Only do not rebel against the LORD, nor fear the people of the land, for they are our bread; their protection has departed from them, and the LORD is with us. Do not fear them. Numbers 14:9, NKJV
When you are only five feet three, and someone who is six feet five towers over you, you quickly learn what intimidation is, especially when the giant leans over you and threatens you. We’d much prefer enemies about our size giving us an equal chance; but, of course, life isn’t always fair.
Sometimes the enemies of life are no less foreboding than the giants whose strength and height make us feel like midgets, and they are certainly no less intimidating.
When Joshua and Caleb, along with the other ten, went into the Promised Land to spy out the land, they came back saying, “There are giants in the land—descendents of Anak!” Ten of them wanted to quit on the spot. “It would be better to have stayed in Egypt,” they said, but two of them—Joshua and Caleb—said, “It’s true, there are giants in the land; but God will surely give it to us.”
In assessing the situation, Joshua made a fascinating statement. He said, “Only do not rebel against the LORD, nor fear the people of the land, for they are our bread; their protection has departed from them, and the LORD is with us. Do not fear them” (Joshua 14:9). The enemies, he said, are “bread” for us. The word he used was generally used for wheat or grain which had been ground and made into a loaf. The same word was used for the showbread in the tabernacle.
He is really saying your bread is not only what you grind but the giants whom God will subdue, which—like the bread you put on your table—is going to produce growth in your life.
Yes, you would prefer that you not have to take on the giants; but remember, without bread you die, and without taking on a few giants, you will never know that God is bigger than any giant you will ever face.
Giants show you the limitations which beset you so you will know that God—not your ingenuity or cleverness—took down the giant. The measure of your fear also reveals the strength or weakness of your faith. Too often we never lift our eyes above the giants to the strength of God above. He turns giants into pigmies.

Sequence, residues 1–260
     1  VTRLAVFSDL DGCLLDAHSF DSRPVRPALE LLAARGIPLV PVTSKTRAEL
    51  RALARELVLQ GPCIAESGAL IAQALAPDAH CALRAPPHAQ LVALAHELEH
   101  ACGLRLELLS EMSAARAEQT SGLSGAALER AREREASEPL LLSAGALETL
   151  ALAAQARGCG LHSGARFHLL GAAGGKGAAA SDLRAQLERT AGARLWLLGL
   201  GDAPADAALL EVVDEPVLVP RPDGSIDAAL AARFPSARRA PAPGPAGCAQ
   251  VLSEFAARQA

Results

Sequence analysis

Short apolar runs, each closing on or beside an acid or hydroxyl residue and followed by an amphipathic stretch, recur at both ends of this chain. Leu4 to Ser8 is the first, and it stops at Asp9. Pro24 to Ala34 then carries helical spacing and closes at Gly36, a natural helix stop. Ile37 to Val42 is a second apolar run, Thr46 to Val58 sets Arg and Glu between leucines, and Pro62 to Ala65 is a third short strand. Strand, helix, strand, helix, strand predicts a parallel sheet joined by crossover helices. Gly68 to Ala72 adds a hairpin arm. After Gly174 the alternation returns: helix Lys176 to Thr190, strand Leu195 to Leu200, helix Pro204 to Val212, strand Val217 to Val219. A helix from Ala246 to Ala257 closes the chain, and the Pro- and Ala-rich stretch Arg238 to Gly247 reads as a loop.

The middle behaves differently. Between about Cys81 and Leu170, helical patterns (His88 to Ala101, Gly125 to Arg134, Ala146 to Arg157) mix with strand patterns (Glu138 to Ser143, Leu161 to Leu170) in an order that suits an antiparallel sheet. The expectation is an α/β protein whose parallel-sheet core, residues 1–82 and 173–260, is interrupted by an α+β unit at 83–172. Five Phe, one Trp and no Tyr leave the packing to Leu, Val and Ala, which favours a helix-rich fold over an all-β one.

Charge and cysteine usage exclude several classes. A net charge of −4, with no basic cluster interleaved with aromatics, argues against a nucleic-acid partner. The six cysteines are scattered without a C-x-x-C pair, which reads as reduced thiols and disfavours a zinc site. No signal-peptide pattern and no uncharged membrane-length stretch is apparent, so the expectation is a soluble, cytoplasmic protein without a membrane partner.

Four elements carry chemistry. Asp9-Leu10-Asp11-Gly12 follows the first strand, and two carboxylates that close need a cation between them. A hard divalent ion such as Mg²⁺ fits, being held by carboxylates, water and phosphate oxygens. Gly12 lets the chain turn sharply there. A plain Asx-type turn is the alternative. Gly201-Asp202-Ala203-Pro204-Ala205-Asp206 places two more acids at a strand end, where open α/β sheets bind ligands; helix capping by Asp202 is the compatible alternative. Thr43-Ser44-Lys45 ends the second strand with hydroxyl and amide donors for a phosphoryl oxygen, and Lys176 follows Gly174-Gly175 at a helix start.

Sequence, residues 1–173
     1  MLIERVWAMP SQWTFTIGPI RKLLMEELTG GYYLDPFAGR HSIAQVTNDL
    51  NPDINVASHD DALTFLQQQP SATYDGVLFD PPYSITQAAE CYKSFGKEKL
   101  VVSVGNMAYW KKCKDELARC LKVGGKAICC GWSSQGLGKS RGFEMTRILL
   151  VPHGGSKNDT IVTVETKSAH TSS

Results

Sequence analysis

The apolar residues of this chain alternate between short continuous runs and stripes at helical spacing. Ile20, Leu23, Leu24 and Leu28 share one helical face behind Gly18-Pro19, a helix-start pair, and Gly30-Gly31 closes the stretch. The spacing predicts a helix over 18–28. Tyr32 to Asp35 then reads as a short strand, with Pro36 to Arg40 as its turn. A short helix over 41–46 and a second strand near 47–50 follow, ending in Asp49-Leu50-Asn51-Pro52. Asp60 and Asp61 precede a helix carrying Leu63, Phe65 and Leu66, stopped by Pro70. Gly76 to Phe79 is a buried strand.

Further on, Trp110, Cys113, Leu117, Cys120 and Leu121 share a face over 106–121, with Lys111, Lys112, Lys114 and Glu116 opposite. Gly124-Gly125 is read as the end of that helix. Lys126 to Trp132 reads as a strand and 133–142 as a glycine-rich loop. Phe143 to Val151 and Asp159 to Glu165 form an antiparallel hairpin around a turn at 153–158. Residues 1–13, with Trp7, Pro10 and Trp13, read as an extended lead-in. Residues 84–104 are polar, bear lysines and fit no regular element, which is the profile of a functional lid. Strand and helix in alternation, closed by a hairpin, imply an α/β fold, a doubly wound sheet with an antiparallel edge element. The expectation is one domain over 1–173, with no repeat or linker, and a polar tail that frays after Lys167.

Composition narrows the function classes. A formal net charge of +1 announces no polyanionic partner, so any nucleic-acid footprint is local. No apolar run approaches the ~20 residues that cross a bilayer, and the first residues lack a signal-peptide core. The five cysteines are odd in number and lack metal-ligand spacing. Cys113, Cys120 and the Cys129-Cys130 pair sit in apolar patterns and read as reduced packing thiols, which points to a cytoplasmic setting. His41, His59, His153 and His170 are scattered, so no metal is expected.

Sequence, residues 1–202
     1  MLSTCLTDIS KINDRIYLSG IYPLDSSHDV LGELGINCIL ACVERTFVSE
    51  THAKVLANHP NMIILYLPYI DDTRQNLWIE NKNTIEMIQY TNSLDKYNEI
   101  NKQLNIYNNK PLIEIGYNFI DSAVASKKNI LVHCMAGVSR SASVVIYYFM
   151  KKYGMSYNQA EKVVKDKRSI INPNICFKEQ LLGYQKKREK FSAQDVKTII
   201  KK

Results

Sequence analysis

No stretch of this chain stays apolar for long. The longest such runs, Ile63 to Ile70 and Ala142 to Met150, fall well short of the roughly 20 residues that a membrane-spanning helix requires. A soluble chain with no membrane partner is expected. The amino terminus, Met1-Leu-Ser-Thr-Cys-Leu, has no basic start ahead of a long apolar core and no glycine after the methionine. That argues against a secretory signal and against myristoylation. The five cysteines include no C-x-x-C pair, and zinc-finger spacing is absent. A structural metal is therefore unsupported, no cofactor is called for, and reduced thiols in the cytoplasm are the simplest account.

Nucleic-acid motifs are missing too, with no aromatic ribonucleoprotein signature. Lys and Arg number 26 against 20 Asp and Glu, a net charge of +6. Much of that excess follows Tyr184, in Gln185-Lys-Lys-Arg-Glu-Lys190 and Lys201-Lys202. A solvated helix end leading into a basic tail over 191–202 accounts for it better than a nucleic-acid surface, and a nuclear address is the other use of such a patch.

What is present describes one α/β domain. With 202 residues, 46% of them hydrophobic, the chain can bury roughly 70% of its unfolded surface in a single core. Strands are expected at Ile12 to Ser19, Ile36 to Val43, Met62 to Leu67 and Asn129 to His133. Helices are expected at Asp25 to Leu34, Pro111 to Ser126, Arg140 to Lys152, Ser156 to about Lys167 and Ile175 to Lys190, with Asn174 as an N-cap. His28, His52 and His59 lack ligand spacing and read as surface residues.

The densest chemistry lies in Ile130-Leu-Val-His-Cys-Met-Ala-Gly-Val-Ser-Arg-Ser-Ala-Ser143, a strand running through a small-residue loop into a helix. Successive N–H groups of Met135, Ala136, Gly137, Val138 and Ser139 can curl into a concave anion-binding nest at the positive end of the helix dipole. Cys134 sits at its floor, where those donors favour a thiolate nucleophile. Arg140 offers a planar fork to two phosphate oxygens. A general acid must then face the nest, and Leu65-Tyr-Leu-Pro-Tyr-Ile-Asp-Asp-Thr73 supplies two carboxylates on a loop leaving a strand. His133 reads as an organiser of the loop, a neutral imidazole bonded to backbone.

They are bread for you, says Joshua. An unknown author wrote, “Every time you meet a difficulty, every time you find yourself in an impossible situation, ask yourself this question: ‘Am I going to starve here, or am I going to eat?’ If you are relying on the Lord for victory and allow His overcoming life to be manifested in you, you will find fresh nourishment and increased vitality, and you will be fed once again. Bear in mind that people who do not eat well cannot grow into maturity. Our bread is not only the Word of God, our meat is not only to do His will, our bread is also the Anakim (the giants)—the difficulties in our way.”
So what happens when you see a giant looming in your pathway? Smile and say, “Here comes my bread!” And thank God that the giant can be subdued. A closing thought: Most contemporary, modern translations leave out the phrase calling the giants “bread,” but that’s exactly what Joshua said, and knowing that God put the giant in your path so that you might subdue it and thus grow from the experience makes the whole ordeal less frightening.
Joshua’s advice is good for us today: Don’t rebel against God, don’t fear the giant; but like David, confront him in the name of the Lord, and your giant will be bread for your soul. Indeed!
Resource reading: Numbers 13:1-14:45